A prominent environmental group trashed South Carolina's beaches Tuesday, ranking their waters the sixth-most contaminated in the country.
The S.C. Department of Health and Environmental Control strongly disputed the findings of the Natural Resources Defense Council. It accused the environmental group of using incomplete or erroneous data.
Among 1,214 samples taken and tested at 22 beaches along the S.C. coast last year, 13 percent had bacterial contamination exceeding the maximum safety level set by the U.S. Environmental Protection Agency, according to the NRDC.
That figure was almost twice as high as the 7 percent national average – and it was much higher than the totals for neighboring North Carolina (2 percent).
“South Carolina did notably worse than the rest of the Southeast in terms of the quality of its beach water,” said Nancy Stoner, director of the environmental organization's clean water project. “Nationwide, we've had no improvement that we can find in addressing the sources of beach-water pollution and in cleaning up the beaches.”
S.C. beaches had the lowest water-quality rankings among all 15 states bordering the Atlantic Ocean.
Nationwide, only the Great Lakes beaches of Illinois, Ohio, Wisconsin and Indiana – plus the Gulf Coast waters of Louisiana – were more contaminated, according to the NRDC.
Alaska, New Hampshire and Delaware had the country's cleanest beaches, the group said.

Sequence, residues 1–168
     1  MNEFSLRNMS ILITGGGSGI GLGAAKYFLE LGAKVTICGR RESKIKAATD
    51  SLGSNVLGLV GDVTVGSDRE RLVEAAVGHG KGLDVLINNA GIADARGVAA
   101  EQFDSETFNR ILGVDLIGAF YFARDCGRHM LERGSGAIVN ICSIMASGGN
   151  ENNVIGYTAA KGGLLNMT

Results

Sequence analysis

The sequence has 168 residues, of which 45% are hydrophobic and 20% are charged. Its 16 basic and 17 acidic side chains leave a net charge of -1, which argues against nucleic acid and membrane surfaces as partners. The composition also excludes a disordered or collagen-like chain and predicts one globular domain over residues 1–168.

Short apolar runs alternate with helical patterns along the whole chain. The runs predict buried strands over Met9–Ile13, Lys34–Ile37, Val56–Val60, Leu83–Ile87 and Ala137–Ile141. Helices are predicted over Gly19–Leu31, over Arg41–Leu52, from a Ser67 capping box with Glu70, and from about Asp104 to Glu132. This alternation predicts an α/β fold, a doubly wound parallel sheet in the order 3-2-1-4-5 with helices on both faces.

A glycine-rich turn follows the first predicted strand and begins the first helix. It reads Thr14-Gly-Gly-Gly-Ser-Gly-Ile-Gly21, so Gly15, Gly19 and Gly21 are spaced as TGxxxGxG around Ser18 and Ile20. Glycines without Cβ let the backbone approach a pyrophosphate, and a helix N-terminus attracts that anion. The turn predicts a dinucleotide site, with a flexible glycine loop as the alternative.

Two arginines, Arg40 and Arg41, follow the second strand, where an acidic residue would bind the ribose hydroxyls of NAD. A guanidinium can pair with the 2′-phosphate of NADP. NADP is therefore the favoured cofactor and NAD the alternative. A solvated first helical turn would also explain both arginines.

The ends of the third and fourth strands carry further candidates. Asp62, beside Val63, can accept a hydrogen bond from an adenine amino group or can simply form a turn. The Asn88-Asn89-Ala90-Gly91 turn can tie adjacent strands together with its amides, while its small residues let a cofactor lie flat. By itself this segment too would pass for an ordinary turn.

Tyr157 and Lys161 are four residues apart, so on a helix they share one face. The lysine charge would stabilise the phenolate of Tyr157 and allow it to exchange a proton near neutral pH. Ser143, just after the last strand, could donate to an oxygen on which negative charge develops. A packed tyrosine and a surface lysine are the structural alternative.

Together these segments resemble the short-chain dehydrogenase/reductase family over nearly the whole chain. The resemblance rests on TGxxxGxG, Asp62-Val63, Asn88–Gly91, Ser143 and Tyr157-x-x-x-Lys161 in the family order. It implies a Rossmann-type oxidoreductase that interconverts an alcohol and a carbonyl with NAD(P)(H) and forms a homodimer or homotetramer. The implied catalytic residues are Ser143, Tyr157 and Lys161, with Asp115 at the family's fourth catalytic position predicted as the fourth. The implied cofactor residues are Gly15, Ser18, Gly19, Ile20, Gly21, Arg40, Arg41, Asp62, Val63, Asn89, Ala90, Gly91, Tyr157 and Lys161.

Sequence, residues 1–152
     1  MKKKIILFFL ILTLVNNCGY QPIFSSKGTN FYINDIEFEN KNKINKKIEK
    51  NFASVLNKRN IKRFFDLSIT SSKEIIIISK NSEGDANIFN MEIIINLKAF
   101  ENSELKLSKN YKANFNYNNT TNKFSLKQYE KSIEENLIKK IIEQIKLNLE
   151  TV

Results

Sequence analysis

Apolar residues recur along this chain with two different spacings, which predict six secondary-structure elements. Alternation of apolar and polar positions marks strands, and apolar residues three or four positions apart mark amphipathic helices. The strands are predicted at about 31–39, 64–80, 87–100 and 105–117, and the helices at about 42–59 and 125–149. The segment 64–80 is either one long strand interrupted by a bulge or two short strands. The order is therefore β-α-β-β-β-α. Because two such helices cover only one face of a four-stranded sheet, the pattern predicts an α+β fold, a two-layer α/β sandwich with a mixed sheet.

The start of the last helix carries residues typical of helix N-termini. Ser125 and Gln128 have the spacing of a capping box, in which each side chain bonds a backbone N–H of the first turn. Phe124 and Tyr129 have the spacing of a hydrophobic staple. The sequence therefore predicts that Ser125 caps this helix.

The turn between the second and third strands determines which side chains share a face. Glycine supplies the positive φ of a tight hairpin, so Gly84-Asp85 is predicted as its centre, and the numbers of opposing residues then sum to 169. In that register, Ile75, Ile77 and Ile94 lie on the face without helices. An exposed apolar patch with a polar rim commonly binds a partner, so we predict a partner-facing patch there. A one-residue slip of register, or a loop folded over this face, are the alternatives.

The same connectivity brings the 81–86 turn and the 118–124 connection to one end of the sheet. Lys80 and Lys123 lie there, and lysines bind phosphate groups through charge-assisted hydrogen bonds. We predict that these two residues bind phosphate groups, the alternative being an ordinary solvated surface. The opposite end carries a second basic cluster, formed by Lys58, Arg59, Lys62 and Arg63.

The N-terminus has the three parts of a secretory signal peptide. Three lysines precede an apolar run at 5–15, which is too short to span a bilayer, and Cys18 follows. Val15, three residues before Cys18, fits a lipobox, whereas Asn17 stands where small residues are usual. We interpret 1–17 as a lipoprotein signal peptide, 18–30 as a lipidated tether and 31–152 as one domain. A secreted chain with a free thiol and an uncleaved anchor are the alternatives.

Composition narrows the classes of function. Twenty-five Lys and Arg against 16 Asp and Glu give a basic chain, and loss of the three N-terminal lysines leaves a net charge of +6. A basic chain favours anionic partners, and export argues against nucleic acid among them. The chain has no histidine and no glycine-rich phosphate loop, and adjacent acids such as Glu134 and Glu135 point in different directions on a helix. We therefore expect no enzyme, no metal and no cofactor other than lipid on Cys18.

Eight of South Carolina's 10 most contaminated beaches are along the Grand Strand in Horry and Georgetown counties, the NRDC reported.
Clair Boatwright, a DHEC spokeswoman, said the NRDC skewed its findings for South Carolina beach waters because it excluded key sampling data.
“South Carolina's beaches are clean,” she said. “We monitor effectively to protect the public and provide warnings when warranted. Their percentages were in error and quite a bit higher than the actual data prove.”
The bacteria measured in the EPA-funded tests cause stomach flu, rashes, respiratory illnesses, pink eye and earaches. Elderly swimmers, children, pregnant women, cancer patients and people with impaired immune systems are especially vulnerable.
Tests measure the amount of enterococcus, a common bacteria in human and animal feces, in beach water.
A level above 104 “colony forming units” of enterococcus per 100 milliliters (one-tenth of a liter) is deemed unsafe by the EPA. The NRDC reports the percentage of beach-water samples with higher concentrations of enterococcus.